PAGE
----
• To make certain that you can compile your program using printf on any computer, you should include a library that contains standard input and output function information called stdio.h

  • This is done by adding a directive at the beginning of the program before main() as follows:#include <stdio.h>

Note: No semicolon!



  • From what we have learned so far, let’s try the first hello.c program



  • How can you actually put your program into the computer?

  • You need to connect to Seneca’s matrix computer

  • First, read “Getting Started” on the IPC144 website

  • Eg. In MS Windows:START->RUN->telnet

  • After entering your userid and password a Unix prompt will be displayed. You then enter Unix commands

    Eg: >who

    which displays all users currently using matrix



  • First you need to use a text editor to create your program (referred to as source code).

  • Use a text editor such as nled, pico, vi, nano, etc… to enter plain text (no bold, formatting, etc).

    Eg: nled hello.c

  • All C programming source code files should be saved with the file extension: lower-case .cegassignment2.c or hello.c



Compiling a C program:

  • The C program must be translated into an executable file, also known as a binary file, machine-language file, or object file.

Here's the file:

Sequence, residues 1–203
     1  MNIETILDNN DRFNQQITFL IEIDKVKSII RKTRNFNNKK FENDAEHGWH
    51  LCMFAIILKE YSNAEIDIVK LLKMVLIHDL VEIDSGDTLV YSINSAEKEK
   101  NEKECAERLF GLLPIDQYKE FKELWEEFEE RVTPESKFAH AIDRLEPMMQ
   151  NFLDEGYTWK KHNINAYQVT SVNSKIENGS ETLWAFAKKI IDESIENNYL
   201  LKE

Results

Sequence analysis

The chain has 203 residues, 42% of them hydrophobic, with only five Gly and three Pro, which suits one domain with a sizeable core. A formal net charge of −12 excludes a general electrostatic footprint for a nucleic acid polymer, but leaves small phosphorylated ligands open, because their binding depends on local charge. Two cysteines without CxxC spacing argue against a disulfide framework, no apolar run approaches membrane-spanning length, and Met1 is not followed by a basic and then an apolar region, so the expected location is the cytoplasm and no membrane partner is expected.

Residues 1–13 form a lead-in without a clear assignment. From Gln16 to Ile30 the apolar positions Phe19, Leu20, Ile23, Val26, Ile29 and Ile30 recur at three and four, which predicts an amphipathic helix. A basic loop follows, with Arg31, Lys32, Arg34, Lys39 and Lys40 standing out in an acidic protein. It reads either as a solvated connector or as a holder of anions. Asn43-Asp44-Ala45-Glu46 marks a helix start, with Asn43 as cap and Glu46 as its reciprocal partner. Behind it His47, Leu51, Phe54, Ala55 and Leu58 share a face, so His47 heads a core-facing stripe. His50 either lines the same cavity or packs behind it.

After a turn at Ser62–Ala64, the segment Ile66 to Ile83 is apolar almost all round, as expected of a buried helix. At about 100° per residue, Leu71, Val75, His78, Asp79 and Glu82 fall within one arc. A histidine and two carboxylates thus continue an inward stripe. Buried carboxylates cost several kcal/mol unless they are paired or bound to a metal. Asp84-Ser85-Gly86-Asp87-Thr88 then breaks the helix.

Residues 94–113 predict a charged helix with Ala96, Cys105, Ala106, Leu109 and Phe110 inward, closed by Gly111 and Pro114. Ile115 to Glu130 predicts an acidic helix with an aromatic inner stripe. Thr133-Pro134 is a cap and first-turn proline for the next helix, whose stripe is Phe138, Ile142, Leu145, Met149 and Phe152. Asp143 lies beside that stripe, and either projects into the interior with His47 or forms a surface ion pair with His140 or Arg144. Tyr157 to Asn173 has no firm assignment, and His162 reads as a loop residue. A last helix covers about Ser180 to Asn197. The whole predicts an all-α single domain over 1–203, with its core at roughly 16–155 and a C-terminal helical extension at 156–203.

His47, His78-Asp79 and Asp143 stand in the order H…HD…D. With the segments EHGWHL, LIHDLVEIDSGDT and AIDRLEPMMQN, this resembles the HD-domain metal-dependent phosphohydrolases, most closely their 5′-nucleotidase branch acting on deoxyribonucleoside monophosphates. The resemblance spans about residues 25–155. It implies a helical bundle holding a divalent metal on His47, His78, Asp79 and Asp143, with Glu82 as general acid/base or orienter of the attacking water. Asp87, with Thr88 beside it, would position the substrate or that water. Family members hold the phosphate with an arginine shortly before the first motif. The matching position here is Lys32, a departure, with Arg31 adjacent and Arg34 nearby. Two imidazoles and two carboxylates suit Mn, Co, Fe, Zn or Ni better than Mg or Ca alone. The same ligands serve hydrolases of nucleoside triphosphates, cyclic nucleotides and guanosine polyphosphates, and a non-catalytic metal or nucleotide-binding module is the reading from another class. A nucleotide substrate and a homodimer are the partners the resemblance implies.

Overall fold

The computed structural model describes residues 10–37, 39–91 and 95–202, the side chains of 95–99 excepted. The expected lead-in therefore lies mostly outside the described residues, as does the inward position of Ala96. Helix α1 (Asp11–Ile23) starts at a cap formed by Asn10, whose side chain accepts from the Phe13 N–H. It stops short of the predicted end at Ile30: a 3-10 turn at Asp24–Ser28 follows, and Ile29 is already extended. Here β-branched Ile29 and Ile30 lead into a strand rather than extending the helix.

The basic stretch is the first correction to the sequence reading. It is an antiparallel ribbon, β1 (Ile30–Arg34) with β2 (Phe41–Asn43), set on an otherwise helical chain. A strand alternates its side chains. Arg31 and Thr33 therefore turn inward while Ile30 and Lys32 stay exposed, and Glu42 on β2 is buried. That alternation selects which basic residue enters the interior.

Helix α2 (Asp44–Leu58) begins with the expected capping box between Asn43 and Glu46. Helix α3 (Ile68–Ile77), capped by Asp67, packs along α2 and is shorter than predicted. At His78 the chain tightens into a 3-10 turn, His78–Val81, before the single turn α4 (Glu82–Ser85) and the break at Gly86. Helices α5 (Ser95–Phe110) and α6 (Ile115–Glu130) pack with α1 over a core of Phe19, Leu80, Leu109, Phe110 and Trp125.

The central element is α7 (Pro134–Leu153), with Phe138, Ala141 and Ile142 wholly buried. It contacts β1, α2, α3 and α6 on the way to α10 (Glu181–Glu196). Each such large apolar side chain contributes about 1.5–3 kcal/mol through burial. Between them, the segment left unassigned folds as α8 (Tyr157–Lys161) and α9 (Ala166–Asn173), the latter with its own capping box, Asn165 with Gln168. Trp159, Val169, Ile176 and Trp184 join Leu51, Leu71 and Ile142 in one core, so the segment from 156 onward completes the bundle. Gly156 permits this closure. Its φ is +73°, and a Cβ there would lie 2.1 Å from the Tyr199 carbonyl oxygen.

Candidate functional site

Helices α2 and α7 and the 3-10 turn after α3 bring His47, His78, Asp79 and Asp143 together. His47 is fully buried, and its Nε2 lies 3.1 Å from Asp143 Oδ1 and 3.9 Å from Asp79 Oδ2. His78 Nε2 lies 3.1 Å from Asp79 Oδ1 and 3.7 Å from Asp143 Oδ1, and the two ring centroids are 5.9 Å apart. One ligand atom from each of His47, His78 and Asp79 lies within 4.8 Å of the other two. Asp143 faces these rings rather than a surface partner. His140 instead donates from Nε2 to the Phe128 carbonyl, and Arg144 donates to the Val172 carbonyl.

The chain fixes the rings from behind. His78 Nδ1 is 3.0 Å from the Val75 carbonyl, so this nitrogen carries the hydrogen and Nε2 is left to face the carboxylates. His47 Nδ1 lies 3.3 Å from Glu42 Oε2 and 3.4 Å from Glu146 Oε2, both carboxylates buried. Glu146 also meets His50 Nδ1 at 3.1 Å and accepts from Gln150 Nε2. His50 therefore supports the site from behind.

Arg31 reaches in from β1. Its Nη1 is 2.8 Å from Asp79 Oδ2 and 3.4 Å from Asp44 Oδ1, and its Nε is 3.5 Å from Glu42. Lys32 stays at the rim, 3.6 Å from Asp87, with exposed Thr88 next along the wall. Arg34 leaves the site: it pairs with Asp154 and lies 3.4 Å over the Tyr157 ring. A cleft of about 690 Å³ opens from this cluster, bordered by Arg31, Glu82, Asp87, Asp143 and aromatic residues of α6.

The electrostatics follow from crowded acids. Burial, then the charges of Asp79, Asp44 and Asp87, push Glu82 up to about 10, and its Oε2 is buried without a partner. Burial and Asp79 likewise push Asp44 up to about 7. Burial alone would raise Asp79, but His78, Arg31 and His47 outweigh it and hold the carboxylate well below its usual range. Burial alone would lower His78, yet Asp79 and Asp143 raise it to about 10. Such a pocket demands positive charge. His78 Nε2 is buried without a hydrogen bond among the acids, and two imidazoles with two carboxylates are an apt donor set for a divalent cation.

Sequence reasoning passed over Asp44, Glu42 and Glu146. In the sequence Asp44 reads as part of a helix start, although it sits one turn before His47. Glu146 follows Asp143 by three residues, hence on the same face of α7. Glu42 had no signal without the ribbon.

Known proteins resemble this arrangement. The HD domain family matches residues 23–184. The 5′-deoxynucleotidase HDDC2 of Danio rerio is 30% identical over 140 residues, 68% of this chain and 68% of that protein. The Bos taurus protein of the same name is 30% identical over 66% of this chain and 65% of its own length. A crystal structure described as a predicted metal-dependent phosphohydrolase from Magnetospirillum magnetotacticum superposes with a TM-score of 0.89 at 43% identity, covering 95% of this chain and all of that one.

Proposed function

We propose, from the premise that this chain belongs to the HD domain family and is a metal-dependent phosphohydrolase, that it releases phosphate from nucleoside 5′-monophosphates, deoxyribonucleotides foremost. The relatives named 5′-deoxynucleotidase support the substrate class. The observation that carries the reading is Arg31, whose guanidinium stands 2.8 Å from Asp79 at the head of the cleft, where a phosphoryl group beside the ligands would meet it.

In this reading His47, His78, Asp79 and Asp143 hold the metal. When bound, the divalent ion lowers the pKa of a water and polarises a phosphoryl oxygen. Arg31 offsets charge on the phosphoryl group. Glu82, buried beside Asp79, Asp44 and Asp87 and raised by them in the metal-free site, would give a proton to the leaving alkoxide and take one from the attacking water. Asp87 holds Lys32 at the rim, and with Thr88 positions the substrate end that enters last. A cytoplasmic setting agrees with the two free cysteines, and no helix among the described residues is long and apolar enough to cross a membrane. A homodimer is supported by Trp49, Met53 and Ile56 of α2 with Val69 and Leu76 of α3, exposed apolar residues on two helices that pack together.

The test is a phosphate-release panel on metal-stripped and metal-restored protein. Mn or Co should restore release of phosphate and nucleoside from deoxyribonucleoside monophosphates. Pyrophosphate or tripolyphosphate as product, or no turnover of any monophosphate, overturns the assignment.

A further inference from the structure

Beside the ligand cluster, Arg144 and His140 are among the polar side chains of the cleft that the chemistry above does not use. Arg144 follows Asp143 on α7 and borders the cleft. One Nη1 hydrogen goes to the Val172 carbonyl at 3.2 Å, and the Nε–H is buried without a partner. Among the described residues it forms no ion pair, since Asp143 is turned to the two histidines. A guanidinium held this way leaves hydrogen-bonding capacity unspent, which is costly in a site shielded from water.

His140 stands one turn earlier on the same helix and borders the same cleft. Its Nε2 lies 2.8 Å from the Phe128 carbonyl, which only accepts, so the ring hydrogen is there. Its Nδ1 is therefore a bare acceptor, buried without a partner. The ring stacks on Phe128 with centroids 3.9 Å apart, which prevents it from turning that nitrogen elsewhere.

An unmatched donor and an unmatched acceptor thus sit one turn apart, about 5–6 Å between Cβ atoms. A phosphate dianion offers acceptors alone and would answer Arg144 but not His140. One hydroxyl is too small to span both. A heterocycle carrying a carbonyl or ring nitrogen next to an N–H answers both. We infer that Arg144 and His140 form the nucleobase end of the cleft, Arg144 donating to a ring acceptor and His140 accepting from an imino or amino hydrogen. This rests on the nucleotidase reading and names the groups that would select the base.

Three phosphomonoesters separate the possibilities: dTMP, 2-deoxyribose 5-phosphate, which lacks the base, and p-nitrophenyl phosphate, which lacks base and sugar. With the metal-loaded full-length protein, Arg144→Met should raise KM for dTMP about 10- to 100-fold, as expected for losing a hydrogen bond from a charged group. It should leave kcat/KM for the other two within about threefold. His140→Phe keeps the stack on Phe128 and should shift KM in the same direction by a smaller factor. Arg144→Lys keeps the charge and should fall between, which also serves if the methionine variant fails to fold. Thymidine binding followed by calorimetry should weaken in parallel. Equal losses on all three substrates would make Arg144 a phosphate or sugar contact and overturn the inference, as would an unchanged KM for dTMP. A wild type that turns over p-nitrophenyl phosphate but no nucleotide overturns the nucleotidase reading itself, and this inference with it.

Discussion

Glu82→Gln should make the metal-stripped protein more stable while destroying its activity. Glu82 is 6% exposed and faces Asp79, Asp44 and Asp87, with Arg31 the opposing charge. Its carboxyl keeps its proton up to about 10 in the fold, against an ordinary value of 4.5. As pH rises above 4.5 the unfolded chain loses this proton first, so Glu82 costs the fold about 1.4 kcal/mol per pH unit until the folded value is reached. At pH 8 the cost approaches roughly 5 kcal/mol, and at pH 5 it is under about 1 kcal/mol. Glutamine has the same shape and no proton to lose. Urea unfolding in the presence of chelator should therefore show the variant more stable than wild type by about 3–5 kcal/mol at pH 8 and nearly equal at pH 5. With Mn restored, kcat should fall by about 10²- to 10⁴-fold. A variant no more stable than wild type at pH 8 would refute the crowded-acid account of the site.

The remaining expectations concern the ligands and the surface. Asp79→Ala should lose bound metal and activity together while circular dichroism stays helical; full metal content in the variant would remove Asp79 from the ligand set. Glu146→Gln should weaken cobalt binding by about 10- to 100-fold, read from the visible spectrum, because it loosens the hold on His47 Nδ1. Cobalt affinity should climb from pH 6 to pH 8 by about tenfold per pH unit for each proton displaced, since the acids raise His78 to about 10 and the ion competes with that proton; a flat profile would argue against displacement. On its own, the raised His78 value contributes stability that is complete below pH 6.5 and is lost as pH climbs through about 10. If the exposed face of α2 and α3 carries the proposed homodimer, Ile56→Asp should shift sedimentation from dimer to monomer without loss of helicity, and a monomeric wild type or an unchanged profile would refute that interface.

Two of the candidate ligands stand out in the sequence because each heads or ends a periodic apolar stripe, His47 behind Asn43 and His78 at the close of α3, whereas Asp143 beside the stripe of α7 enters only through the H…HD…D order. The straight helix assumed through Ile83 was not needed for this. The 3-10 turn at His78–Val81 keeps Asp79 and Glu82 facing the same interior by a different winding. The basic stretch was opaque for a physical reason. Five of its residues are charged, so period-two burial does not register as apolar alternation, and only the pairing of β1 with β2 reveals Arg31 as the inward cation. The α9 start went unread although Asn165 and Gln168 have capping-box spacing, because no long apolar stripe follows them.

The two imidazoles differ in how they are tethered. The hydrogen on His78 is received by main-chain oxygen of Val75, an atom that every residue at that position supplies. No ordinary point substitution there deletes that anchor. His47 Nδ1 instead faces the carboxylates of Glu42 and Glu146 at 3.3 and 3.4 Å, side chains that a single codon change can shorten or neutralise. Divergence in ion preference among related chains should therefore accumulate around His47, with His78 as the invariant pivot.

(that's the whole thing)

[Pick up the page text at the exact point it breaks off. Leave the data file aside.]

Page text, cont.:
• To compile your source code file named hello.c type in the cc command (to mean compile a C program):>cc hello.c

  • If there are syntax errors then details including as line number will be displayed

  • If there are no syntax errors, then an executable file called a.out is created

  • To run the program enter a.out at the prompt

    Eg: >a.out



  • You can also provide a name for the executable file by using the –o option with the cc command:eg:cc hello.c –o hello

  • The executable file is now contained in the file named hello, so to run it enter:


    and you should see something like this on the screen:

    Hello, my name is Fred



  • It would be nice if a computer program could do something more interesting than display your name!

  • Variables allow data to be stored in some location in the computer’s memory.

  • To have data stored in the computer’s memory, a storage area must first be created. This is called declaring a variable. It is important to indicate the variable’s name and also its data type (eg: integer, decimal, character, etc…)



Rules for variable names:

  • Only use letters, digits, or underscores(eg:customer_age, number1, gstRate, etc…)

  • Cannot begin with a digit(eg, invalid names: 2be, 1stcustomer, 4wheel)

  • Cannot use keywords such as int, for, if because they have special meanings